Tuesday, May 20, 2014

A twist on identity theft

Do you pay attention to email confirmations for purchases, account registrations, shipments and such that you did not expect?

A professional peer on a forum I frequent encountered an unusual scam this week. The person noticed purchase confirmations in email, for purchases made through Sony Entertainment Network. Here's the rub though: the person did not have an account with Sony.

Fake order confirmations or shipping memos are a common phishing approach. You receive an email for an order you don't recognize, inviting you to login to (for example) target.com; when you click the cleverly-disguised link, you instead go to igothacked.com, which looks oddly similar to the Target login page. Provide your username and password, and voila: you've given an attacker carte blanche to your account (unless you have two-factor authentication enabled. You do have 2FA enabled on important accounts, right?).

This particular instance was different though. The email legitimately originated with Sony Entertainment Network, and the embedded links did go to the legitimate web site. They were in fact real purchase confirmations. Someone had created a Sony account, using this person's email address as their login ID, added payment information, and proceeded to make a dozen or more small-dollar purchases.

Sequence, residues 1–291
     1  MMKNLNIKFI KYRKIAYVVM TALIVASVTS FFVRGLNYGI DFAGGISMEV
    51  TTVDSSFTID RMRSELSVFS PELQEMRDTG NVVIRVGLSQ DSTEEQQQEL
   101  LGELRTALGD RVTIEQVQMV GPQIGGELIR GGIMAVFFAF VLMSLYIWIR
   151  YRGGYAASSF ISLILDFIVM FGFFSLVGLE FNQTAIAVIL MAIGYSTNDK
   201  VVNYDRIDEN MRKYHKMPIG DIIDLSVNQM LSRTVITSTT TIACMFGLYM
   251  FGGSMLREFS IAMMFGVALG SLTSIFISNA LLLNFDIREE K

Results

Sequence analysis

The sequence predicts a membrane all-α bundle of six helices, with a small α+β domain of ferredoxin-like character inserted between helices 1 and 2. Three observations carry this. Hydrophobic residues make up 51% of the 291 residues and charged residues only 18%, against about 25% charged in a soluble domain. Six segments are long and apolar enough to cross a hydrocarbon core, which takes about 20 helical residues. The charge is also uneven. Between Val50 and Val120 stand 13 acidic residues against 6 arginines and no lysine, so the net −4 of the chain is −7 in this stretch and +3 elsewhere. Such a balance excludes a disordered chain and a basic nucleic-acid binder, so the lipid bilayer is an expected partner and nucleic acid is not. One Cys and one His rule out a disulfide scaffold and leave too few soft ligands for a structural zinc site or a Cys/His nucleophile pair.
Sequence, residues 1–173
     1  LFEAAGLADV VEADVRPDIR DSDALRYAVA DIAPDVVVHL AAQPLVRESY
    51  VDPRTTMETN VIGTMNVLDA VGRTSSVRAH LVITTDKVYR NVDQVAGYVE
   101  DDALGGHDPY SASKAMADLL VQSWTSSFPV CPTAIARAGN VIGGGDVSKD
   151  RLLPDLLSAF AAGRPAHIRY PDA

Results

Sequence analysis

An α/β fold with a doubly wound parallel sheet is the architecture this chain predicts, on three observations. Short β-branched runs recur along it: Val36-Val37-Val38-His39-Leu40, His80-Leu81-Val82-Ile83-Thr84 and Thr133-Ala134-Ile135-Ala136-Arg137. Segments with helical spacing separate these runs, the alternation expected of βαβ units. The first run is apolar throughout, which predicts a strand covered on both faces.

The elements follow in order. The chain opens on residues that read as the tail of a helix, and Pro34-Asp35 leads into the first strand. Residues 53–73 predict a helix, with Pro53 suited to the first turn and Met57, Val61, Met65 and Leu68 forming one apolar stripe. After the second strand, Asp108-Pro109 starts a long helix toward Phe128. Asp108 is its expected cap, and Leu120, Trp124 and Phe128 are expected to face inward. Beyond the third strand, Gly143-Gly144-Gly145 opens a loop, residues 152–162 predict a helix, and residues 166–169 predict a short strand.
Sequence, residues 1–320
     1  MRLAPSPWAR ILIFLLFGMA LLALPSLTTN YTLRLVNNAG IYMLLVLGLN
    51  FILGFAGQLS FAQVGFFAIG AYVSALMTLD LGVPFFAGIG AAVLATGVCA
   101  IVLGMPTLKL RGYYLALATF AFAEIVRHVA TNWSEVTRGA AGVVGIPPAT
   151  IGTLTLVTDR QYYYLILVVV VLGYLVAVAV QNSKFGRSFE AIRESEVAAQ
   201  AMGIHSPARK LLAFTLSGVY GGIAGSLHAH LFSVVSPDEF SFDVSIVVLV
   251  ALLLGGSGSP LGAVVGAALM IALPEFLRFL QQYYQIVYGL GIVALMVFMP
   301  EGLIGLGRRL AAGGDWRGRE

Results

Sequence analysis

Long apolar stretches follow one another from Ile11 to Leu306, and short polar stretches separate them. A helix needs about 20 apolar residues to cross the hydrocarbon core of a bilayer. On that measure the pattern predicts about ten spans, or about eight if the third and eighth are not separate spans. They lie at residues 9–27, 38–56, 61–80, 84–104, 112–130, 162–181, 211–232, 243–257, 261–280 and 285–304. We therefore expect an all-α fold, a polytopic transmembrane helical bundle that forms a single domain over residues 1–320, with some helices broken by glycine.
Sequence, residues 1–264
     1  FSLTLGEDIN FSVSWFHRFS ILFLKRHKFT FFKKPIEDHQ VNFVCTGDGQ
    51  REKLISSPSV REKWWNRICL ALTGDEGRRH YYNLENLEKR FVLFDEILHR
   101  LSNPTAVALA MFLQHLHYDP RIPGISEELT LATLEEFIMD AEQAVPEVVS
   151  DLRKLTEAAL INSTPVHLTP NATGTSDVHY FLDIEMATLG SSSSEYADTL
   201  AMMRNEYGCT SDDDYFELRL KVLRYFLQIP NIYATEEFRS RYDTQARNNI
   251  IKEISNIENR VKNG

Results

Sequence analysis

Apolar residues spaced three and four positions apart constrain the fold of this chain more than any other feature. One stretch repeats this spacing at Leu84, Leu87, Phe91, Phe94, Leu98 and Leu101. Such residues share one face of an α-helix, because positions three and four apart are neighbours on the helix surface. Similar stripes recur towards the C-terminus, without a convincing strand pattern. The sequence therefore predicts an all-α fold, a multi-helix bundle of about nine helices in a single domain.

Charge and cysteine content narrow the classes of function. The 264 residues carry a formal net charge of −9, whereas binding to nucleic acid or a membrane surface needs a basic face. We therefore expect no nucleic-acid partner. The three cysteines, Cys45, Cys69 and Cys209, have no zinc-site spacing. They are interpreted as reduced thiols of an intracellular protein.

Why would someone do this?

Without being able to trace the incident back to the person that caused it, there is no way to be certain. There are a couple of possibilities though.

The most benign possibility is a simple case of mis-typed email. It is entirely possible someone meant to type [email protected] but instead typed [email protected] It's less likely the person mistyped the same thing repeatedly though, and continued to use the account with a mistaken email address.

A more likely scenario is fraud against a third party, in which this person was simply an unwilling accomplice. By way of example I will describe something that happened to me personally a few years ago.

In April 2012, I received an unexpected purchase receipt email from iTunes Store. I did have an iTunes account, but had no payment information in my profile (I described why about a year earlier). It was the purchase of a song for a grand total of $1.41. It turned out that someone had accessed my account (possibly due to poor password choice - even professionals make mistakes), changed the billed-to name and address, added a stolen credit card, and made the purchase. Why a $1.41 purchase? Perhaps merely to test the validity of the credit card before selling it on the black market.

Here's what makes this particular scheme difficult to stop. I did not suffer any financial loss. It was not my credit card. In fact, if the actually defrauded person had noticed the charge and investigated, it would have looked as though I had committed the fraud. Since I was not defrauded, my local sheriff's office were not interested in pursuing it. The sheriff's office in the Washington state precinct of the victim treated it as a random tip since I was not the one affected - there was no mechanism for me to submit a formal report, because I had not been the victim of a crime in that state. Perusing Apple Discussion forums, it appears this was not an isolated incident.